How many space stations does this planet need?
At one end of Bigelow Aerospace’s factory is a mock-up of a gargantuan home for future astronauts. With a unique design — it could be packed into a rocket, then unfurled in space — it would comfortably house a dozen people as a space station or serve as a building block of a moon base.
“It’ll be a monster spacecraft by any current standards,” said Robert T. Bigelow, the company’s namesake founder, at a news conference in February. This is Olympus, named after the mythological home of the Greek gods and a measure of Bigelow’s ambitions for building settlements in space.
Farther down the factory floor is a long, skinny metal structure. This is a developmental version of the spine of a more modest B330 module, which the company actually plans to build. Slight in appearance compared to Olympus, it would still be much less cramped than the metal cans that make up the International Space Station.
Bigelow says he is committed to having two B330s ready to launch in 2021, a step that could be a harbinger of the shift from a half-century of human spaceflight as a monopoly of government-run agencies like Nasa to a capitalistic free-for-all. The Trump administration wants to accelerate that transition by ending direct federal financing of the space station after 2024.
“We also want numerous providers that are competing on cost and innovation,” Jim Bridenstine, the Nasa administrator, said recently. If commercial stations prove cheaper to operate, Nasa will have more money to pursue other goals, like sending astronauts to the moon and Mars, Bridenstine said.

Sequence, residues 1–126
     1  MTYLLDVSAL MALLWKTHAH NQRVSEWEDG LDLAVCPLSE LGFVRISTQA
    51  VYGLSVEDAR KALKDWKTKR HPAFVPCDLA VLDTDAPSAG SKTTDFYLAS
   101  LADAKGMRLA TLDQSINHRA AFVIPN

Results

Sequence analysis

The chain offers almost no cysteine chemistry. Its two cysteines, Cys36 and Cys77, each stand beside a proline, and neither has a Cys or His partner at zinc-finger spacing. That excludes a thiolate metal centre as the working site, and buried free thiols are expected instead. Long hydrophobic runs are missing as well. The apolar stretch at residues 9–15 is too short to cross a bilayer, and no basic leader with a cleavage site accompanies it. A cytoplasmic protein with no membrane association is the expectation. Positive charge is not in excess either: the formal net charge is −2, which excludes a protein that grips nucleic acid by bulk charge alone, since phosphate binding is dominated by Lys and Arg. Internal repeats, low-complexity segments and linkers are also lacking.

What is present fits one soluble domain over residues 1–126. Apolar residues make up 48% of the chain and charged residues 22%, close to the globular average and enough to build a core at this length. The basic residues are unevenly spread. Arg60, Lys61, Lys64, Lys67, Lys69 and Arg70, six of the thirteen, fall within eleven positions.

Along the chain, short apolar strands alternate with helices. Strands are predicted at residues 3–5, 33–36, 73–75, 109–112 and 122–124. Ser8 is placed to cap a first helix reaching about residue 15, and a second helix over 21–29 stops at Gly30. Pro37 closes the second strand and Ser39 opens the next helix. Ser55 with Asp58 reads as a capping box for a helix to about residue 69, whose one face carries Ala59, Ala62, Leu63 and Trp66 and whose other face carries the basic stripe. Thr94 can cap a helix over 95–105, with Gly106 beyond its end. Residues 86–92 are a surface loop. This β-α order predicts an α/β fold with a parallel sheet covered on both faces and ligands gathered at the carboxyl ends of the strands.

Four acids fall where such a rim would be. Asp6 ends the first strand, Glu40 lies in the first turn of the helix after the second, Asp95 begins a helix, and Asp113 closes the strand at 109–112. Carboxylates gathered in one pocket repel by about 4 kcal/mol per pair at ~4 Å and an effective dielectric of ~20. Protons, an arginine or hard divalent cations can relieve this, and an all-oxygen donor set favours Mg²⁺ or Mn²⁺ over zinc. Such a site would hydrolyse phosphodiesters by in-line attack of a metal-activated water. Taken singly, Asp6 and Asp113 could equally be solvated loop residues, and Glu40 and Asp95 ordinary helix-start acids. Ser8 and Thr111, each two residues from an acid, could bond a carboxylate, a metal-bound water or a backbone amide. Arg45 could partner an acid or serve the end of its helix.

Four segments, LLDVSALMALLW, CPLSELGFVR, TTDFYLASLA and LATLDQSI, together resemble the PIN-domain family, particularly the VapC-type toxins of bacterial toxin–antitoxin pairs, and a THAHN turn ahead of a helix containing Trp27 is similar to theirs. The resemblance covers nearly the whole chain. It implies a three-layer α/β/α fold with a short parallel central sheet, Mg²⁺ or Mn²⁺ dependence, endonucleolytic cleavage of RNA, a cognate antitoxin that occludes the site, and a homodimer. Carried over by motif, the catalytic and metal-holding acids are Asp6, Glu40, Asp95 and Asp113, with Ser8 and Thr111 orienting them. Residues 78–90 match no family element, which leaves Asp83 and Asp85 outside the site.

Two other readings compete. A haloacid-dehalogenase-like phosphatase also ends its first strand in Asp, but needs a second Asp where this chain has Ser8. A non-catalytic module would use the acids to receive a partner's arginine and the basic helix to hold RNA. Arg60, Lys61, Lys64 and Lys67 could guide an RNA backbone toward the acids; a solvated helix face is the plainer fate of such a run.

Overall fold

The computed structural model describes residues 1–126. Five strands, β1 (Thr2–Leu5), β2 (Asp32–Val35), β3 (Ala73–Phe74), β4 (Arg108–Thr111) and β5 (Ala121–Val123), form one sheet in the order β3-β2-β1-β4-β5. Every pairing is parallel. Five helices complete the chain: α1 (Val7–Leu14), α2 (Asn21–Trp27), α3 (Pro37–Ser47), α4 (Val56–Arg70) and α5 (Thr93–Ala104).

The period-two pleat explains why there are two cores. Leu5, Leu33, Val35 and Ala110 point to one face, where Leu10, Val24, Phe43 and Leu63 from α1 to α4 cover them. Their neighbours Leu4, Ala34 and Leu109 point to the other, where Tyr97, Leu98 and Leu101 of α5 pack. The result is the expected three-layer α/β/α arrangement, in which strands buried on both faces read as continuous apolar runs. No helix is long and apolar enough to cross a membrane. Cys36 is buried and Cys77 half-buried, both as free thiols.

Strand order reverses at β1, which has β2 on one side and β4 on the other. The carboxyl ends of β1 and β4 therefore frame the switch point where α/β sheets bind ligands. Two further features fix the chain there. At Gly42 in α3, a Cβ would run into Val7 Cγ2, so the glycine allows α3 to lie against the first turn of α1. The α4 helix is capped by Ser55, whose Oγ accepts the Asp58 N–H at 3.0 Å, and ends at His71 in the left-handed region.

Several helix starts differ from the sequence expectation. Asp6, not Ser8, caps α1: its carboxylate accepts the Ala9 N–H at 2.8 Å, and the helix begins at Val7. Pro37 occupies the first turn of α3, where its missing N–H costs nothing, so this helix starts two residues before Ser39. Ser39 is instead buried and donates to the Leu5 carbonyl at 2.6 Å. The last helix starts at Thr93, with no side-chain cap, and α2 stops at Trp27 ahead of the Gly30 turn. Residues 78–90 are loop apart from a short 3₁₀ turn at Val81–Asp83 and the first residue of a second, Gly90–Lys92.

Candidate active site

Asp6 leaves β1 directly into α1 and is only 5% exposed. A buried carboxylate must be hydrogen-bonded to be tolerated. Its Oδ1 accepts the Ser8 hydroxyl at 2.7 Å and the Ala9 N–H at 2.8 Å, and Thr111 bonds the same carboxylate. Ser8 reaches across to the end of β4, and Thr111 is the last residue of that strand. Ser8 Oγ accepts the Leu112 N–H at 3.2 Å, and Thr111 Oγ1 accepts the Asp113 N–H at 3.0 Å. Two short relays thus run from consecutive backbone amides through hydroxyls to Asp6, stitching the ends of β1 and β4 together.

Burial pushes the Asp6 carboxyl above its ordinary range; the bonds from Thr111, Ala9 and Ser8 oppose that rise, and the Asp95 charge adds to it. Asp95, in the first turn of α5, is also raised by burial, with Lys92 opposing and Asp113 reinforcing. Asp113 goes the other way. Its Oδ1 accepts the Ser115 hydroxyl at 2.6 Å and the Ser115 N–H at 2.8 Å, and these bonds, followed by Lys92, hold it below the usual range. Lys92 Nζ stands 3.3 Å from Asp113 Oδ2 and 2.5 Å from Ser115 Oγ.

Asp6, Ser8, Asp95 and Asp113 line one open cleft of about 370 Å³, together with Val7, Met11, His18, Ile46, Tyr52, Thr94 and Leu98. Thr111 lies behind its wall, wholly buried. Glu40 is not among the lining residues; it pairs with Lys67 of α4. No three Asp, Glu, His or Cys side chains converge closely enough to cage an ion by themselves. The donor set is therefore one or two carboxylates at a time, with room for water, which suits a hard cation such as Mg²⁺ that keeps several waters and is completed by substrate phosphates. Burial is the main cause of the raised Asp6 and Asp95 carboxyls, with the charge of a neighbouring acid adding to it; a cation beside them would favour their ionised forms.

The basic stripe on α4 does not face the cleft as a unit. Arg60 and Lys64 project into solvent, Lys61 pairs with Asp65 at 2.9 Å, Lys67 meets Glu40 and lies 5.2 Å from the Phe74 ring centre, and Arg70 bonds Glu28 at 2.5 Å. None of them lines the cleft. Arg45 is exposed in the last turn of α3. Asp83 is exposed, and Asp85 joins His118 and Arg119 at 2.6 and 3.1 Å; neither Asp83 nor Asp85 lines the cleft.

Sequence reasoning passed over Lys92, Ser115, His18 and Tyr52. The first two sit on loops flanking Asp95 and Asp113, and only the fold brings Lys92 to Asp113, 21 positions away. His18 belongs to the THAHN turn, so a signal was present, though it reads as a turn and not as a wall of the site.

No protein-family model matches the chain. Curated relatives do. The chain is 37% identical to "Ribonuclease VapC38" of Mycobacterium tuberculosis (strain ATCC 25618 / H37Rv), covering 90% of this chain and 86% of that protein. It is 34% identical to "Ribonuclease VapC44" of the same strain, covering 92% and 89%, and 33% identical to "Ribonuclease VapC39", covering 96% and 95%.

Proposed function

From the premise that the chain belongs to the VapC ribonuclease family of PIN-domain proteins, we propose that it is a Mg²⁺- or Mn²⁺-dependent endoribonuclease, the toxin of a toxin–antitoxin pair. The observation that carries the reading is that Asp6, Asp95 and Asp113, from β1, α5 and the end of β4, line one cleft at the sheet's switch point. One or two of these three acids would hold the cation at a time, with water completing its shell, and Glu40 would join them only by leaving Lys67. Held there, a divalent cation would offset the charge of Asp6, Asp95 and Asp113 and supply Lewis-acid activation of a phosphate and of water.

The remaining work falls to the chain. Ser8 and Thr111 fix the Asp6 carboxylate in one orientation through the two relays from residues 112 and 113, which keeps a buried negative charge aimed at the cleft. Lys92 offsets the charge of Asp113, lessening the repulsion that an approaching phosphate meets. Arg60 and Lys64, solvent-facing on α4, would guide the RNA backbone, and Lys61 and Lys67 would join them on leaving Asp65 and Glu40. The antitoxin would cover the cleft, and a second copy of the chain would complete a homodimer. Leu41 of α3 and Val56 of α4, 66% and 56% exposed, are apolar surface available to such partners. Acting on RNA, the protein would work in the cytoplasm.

But betting hundreds of millions of dollars on businesses that do not yet exist could turn out to be quick way to lose a fortune. And space travel remains a dangerous avocation that could kill some people who make the trip. Bigelow conceded that he is not certain that he will be able to find customers for his B330s. If there is no market, “then we would pause,” he said.
Home office in orbit
Today, the International Space Station (ISS) is the only place where people — no more than six at a time — live away from Earth. It is a technological tour de force and the most expensive thing humanity has ever built. The 15 nations involved, led by the US and Russia, have spent more than $100 billion over two decades. The US spends $3 billion to $4 billion each year.
Continuously occupied for nearly 18 years, the ISS serves as a test bed for studying long-term effects of radiation and weightlessness on astronauts. Nasa has become proficient at running it, largely eliminating breakdowns like clogged toilets, balky cooling systems and crashing computers. Perhaps most remarkable, life on the ISS has become unremarkable: it is a home office, albeit one more than 200 miles up and travelling at 17,000 mph, where astronauts work, eat, sleep, exercise, check on experiments, perform chores. Only occasionally does the crew perform activities, like a spacewalk, that truly seem out of this world.
The possibility of retiring the ISS, part of the administration’s budget request, startled many. Companies like Bigelow are years from launching their space stations, and such expensive, cutting-edge projects often slip behind schedule. Critics worry that the ISS might be discarded before its successors are ready. A gap without space stations would disrupt Nasa’s studies, as well as emerging commercial endeavours. Nouveau space station companies could go belly up if the hoped-for customers are slow to show up.